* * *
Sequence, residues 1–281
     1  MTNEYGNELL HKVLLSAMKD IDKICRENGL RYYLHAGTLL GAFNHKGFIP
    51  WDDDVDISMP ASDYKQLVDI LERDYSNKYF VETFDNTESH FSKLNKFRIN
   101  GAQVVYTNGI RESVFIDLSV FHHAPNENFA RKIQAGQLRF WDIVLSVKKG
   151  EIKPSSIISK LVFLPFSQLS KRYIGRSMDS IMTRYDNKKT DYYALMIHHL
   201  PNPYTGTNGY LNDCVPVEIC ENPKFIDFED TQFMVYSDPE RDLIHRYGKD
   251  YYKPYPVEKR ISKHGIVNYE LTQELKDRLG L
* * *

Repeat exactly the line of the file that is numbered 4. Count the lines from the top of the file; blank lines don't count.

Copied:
   101  GAQVVYTNGI RESVFIDLSV FHHAPNENFA RKIQAGQLRF WDIVLSVKKG